Some of our favourite dancers have the flexibility of a thousand rubber bands, and we can’t deny that some of their stunning extensions have us so enthralled that they’ve quickly become #DancerGoals.

Despite acknowledging the necessity of stretching—and despite the dance world’s running joke about wanting to become flexible without stretching—we all know that developing flexibility requires far more than merely plopping down in a split and praying for the best. Being extremely adaptable will not necessarily make or break your career as a dancer, but it will certainly help (okay, physically, it might be a little uncomfortable). So we asked four flexible dancers for their best ideas on how to achieve and maintain flexibility. ALSO READ : HOW IS DANCE BENEFICIAL FOR YOUR LITTLE ONES

 Are you one of the fortunate dancers who has been able to be flexible for as long as you can remember? Or did you have to toil for years to get to your current position?


We’ve got some suggestions to get you started on mastering the arabesque! First and foremost, we must remember that, just as we are born with different body types, we are also born with different types of flexibility. What we mean is that some people are born with a stronger capacity for flexibility than others. Individuals’s bodies differ widely, and some people have longer muscle fibres, allowing them to stretch their muscles further and more easily, while others have shallower, less restrictive joints and sockets, giving them a greater range of movement

Here are a few stretches and exercises to improve dance flexibility for young dancers. 

1. Standing Hamstring Stretch

The neck, back, glutes, hamstrings, and calf muscles will all benefit from this stretch. Standing tall with your feet hip-width apart is a good place to start. Slightly bend your knees and lay your arms by your sides. Exhale as you drop your head to the floor by bending forward from the hips. As you stretch, try to maintain your head, shoulders, and neck as relaxed as possible.

Wrap your arms over the backs of your legs and keep them there. Hold a stretch for 10 seconds to 3 minutes, according to experts. If you get into a stretch and feel like you want to release it right away, it’s an indication that you need to stretch this region more as part of your dancer training plan. When you are done holding your stretch bend at the knees and roll your way back up to a standing position. 

2. Piriformis Stretch

Outside the butt is where the piriformis muscle is found. It’s an internal hip rotator that’s located deep within the hip joint. Stretching your deep internal rotators, which create a lot of movement at your hips, should be part of your regular ballet routine.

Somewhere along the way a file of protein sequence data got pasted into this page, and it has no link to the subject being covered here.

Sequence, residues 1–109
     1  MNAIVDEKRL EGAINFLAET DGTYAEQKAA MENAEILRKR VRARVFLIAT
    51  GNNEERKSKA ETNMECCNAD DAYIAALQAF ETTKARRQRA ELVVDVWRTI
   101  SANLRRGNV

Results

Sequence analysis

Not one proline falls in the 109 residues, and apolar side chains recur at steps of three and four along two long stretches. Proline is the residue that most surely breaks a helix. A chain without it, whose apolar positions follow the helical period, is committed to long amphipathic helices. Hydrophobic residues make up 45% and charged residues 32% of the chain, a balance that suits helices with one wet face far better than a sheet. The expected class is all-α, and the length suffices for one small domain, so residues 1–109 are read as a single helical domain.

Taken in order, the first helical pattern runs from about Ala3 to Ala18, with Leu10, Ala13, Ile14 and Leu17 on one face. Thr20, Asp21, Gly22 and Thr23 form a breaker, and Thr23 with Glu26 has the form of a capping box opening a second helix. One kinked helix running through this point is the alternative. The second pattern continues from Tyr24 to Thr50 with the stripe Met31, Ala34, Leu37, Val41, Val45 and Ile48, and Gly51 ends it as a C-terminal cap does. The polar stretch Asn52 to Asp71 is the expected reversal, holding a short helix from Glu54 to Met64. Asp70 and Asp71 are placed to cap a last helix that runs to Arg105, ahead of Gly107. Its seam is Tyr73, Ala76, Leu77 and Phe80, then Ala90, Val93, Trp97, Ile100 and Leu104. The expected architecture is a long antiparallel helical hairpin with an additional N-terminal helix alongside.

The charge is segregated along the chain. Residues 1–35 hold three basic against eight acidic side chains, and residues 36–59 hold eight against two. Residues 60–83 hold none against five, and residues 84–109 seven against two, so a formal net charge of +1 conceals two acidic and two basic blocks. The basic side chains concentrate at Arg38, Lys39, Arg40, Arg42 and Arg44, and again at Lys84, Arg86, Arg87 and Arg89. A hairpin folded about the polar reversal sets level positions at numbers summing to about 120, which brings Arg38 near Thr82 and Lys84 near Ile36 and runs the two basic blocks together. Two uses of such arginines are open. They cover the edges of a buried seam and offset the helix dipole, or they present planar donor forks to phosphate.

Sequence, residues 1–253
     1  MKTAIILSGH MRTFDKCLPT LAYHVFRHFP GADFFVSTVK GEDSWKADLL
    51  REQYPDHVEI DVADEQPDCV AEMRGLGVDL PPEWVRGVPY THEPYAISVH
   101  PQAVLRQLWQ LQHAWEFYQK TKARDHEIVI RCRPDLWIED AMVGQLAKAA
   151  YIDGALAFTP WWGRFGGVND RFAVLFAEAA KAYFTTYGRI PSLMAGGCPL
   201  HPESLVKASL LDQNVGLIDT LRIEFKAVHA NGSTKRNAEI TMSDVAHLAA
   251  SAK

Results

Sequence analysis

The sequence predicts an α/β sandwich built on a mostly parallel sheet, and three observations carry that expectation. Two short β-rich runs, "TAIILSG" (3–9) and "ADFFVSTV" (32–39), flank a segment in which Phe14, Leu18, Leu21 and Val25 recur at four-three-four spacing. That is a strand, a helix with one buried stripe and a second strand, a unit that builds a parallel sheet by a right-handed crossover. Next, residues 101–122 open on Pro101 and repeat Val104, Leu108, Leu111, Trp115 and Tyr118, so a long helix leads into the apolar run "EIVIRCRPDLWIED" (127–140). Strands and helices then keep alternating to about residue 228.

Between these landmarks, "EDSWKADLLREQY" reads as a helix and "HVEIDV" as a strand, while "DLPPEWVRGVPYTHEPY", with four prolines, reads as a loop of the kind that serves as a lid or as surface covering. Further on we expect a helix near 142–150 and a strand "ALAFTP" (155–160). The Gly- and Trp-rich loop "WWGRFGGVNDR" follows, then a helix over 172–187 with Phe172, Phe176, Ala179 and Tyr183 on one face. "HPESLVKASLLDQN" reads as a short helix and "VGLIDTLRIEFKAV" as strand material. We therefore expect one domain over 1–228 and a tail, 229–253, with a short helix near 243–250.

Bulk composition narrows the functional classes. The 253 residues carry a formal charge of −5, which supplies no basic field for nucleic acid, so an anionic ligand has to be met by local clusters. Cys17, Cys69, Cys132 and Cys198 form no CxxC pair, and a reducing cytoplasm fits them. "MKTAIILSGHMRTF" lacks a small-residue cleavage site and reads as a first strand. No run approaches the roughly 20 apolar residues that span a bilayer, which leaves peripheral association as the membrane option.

Sit with both legs spread out in front of you on the floor. Place your left foot flat on the floor beside you and cross your left leg over your right. Then, behind your torso, lay your left hand on the floor.

Bring your elbow to your knee and push your left leg to the right with your right hand on your quad. When you do the stretch correctly, you should feel a twist in your body.


3. Tricep Stretch

The arms are an area of profound stretching that dancers sometimes ignore. Most dancers concentrate on their legs, but many ballet movements need arm flexibility as well.

Stand tall with your feet hip-width apart for a tricep stretch. Raise your arms high above your head. Bend your right elbow and reach behind your head, touching the top centre of your back with your hand.

To attain a deeper stretch, gently lift your elbow toward your head. The stretch should be felt in your neck, shoulders, back, and triceps. When you’ve finished holding the stretch, switch sides.


  1. 90/90 Stretch

This stretch is wonderful for dancers since it targets both hips at the same time. Sit with your right knee bent out in front of you at a 90-degree angle. Maintain a flexed foot with your sole facing the left.

Place your left knee to the left of your torso and let your leg rest flat on the floor. Bend your knee so that your foot is facing backwards. Make sure this foot is flexed as well.

Keep your right glute on the floor as much as possible, and move your left glute as near to the floor as feasible. If you’ve been dancing a lot and your glutes are really tight, this may not be doable.

Hold the stretch and repeat on the other side. 

5. Side Bend

This simple stretch helps to maintain the groyne, hips, and inner thighs supple. Kneel with your legs together on the floor. Maintain a straight back and a strong core. Stretch your left leg out in front of you.


Raise your right arm and place your left arm on your leg. Bend your right arm and torso to the left side of your body. As you hold the stretch, try to maintain your hips pointing forward. Then do the same thing on the other side.



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